Executive conversions breathe new life into aging CRJ200s

Aviation International News » December 2007
November 28, 2007, 10:27 AM

In an industry faced with escalating prices and increasingly long lead times for aircraft deliveries, Project Phoenix has joined a growing number of companies offering a program to convert Canadair CRJ200 regional jets into executive aircraft.

The Montreal-based start-up expects to offer a less expensive and more immediately available large-cabin business jet. The price for the converted airplane is about $17.9 million, and the company expects to deliver the finished product within 10 months of purchase.

A new aircraft in that cabin size category–a Global XRS from Bombardier or a Gulfstream G550–would typically cost more than $47 million (completed), and the earliest available production slots are well into the next decade.

Perhaps a more accurate comparison would be Bombardier’s Challenger 850 and Embraer’s Legacy 600, both of which have a comparable cabin and range and sell for roughly $29 million and $25 million, respectively. But slots for these aircraft are also in short supply. The earliest Challenger 850 slot is in 2010 and the first available Legacy 600 slot is in mid-2009.

Project Phoenix is a partner in the program with Aerospace Concepts of Montreal and Action Aviation of the UK. Aerospace Concepts and Project Phoenix will handle sourcing and maintenance and manage the completion process, while Action Aviation will focus on marketing and sale of the aircraft, dubbed the CRJ-Phoenix.

The actual completion work on the aircraft will be out-sourced to independent centers. The CRJ-Phoenix is expected to have a max range (with auxiliary fuel tanks) of 3,000 nm. According to Project Phoenix president Mike Cappucitti, the company already has two signed letters of intent and is in talks with some 30 potential customers. The initial market focus will be on Asia, Europe and the Middle East.

Completion Alternatives

Despite the splash the Phoenix conversion made at the Dubai Airshow, the company is not the first to recognize the business aviation market potential of the Canadair regional jet.

In September, Fokker Services, an interiors specialist in the Netherlands, delivered a larger CRJ700 for executive use. The three-zone cabin is configured to carry 21 passengers. In its regional airline form, the CRJ700 carries 75 passengers, approximately 25 more than the CRJ200. Woensdrecht-based Fokker Services is soliciting more CRJ conversion work and has a similar program to refurbish the larger Fokker 100 regional jet for a business or private aircraft role.

Also in the business is Indianapolis Jet Center, which delivered its first executive-configured CRJ200, to a Chinese customer, this fall.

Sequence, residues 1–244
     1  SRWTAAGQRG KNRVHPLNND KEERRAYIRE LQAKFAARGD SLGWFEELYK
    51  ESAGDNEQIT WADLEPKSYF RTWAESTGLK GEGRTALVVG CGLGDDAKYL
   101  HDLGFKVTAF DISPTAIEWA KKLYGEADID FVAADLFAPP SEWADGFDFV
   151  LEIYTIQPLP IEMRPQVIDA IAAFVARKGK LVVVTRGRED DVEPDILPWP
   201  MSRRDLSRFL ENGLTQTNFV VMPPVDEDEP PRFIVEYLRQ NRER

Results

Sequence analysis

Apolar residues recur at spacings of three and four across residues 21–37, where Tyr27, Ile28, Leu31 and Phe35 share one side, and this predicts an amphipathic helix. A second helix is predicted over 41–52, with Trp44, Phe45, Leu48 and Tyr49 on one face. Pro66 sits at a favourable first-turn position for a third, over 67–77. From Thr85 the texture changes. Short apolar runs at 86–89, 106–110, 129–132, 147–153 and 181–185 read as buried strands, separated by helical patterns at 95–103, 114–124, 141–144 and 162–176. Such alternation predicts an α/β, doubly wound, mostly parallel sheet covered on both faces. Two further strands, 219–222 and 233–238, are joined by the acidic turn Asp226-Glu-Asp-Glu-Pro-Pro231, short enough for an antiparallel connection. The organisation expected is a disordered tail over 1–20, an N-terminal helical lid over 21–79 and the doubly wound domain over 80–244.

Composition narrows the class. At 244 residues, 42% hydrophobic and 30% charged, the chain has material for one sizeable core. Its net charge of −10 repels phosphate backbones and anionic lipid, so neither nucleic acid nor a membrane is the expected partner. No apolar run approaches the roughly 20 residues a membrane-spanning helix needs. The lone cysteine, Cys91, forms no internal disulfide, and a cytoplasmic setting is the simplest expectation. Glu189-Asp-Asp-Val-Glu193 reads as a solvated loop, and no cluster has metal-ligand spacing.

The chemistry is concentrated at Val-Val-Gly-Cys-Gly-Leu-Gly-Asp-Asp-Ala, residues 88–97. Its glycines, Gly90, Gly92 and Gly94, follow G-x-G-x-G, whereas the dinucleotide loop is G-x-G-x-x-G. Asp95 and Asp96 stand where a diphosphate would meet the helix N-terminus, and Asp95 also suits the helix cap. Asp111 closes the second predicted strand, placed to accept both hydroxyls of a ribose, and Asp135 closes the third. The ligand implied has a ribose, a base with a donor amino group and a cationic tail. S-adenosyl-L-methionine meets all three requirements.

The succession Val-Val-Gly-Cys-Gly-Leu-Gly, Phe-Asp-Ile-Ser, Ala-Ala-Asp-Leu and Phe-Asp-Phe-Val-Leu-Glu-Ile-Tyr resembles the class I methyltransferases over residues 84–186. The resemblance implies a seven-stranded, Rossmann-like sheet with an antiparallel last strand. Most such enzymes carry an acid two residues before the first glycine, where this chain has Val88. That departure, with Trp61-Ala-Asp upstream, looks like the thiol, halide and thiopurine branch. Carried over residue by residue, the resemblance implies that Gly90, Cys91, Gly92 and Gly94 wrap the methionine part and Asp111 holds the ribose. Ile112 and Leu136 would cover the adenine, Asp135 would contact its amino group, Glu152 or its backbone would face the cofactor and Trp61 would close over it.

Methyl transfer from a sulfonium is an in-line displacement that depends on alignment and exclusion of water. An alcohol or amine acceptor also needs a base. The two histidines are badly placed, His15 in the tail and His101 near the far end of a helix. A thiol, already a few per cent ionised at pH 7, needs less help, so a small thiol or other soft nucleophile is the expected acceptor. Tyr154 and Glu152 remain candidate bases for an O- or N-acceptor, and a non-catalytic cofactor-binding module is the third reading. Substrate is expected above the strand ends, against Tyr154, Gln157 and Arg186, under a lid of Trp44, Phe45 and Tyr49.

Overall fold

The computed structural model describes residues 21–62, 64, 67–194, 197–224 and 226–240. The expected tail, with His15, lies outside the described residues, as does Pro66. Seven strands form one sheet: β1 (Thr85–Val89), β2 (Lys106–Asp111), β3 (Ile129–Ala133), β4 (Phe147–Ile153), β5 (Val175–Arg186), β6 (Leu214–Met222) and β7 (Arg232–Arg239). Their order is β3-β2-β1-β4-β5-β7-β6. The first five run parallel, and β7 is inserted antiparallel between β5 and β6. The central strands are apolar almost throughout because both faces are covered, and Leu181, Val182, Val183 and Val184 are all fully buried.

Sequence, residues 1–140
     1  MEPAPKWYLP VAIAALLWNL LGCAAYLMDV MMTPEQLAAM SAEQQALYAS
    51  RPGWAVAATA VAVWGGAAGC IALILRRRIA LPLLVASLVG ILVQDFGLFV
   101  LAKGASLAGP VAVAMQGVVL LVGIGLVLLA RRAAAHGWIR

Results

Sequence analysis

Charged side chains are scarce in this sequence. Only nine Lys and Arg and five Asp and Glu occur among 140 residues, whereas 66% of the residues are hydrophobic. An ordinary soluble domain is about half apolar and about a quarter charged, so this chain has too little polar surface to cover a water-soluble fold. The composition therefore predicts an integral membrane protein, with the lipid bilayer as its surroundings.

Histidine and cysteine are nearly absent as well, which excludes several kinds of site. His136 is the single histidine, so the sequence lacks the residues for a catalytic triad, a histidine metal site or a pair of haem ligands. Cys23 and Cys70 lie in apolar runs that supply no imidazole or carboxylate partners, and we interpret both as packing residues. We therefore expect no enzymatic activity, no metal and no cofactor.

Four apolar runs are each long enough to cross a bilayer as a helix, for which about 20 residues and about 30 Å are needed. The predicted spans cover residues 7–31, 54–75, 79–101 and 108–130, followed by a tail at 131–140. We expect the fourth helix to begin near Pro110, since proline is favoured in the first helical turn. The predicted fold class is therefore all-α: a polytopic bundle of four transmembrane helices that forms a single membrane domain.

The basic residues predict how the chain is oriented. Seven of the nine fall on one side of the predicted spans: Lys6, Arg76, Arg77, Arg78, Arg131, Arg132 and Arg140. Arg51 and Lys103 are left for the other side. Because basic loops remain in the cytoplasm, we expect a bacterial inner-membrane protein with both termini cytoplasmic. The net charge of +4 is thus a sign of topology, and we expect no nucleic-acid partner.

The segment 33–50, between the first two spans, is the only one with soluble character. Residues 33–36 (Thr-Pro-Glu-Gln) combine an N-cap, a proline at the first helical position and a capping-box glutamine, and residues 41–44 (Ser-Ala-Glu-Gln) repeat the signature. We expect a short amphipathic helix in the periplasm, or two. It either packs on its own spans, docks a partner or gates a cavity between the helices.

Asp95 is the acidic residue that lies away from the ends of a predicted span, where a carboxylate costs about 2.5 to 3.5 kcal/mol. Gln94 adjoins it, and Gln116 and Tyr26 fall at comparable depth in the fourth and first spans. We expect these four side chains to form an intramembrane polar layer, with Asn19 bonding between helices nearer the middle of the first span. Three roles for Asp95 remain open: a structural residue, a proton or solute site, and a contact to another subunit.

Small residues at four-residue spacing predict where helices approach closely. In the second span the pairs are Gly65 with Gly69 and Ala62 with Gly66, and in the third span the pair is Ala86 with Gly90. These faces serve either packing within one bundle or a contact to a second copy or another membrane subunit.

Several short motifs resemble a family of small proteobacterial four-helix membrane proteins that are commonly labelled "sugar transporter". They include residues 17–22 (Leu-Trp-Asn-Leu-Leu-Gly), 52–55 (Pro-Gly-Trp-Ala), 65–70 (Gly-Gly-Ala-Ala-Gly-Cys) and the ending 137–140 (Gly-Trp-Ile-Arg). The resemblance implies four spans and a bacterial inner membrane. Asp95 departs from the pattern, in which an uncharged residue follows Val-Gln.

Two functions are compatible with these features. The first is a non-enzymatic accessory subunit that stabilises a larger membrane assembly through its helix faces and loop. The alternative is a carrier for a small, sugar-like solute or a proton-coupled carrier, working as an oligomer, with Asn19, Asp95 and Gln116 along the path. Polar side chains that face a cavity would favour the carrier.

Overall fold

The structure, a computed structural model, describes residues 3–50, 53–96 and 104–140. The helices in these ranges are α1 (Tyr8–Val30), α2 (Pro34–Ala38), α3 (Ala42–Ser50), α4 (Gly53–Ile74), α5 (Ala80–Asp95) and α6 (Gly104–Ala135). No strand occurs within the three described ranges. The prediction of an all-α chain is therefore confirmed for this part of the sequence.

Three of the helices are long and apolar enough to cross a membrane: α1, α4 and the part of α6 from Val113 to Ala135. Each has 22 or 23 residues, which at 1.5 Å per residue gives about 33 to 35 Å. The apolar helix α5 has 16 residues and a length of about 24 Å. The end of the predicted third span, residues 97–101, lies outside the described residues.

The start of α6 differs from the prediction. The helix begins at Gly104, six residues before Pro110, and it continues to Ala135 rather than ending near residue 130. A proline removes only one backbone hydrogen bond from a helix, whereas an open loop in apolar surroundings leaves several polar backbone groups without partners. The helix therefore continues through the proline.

Canadian interiors specialist Flying Colours is adding 30,000 sq ft to its facilities in Peterborough, Ontario, partly in response to growing demand for large-cabin business jets. It delivered a CRJ200 to an Indian customer earlier this year. According to president John Gillespie, the company has three CRJ200s currently in the hangar. A fourth CRJ200 is scheduled to arrive this month, with another to follow next month.

Flying Colours has been selected by Project Phoenix as the completion and refurbishment center of choice to do CRJ200 interiors and expects to receive the first CRJ-Phoenix early next year.

Tailwind Capital is also in the CRJ200 business. The Redmond, Wash.-based aircraft leasing and remarketing firm has five airplanes already in the completion process at the facilities of Georgetown, Del. completion and refurbishment specialist PATS Aircraft. The interior of the first airplane, configured for up to 15 passengers, includes sleep accommodations for four passengers. “We expect to be delivering airplanes at the rate of one every six weeks starting in April 2008,” said Tailwind president Joel Hussey. The Tailwind executive airplane in a standard configuration is priced at $19.95 million, including auxiliary fuel tanks that give it a max range of 3,000 nm.

Indianapolis Jet Center president and CEO Randy Keeker noted that the interest is also driving up the cost. “A year or so ago you could get a relatively low-time airplane for about $7 million. Now, for a CRJ in similar condition, the price is probably between $8 million and $9 million.” Keeker also noted that “relatively low-time” in the airline world is about 16,000 hours. He also pointed out that while it may be possible to get a CRJ200 that’s just been put out of service by an airline and has perhaps 8,000 to 10,000 hours, the price is probably going to be in the $11 million to $12 million range.

And the price for CRJ200s is not likely to come down. Even as demand is increasing, the supply of CRJ200 airliners is dwindling. According to a source at Bombardier, there are only about 30 airplanes currently available.

Meanwhile, said Keeker, “I’ve never seen such interest in that airplane as an
executive platform.”

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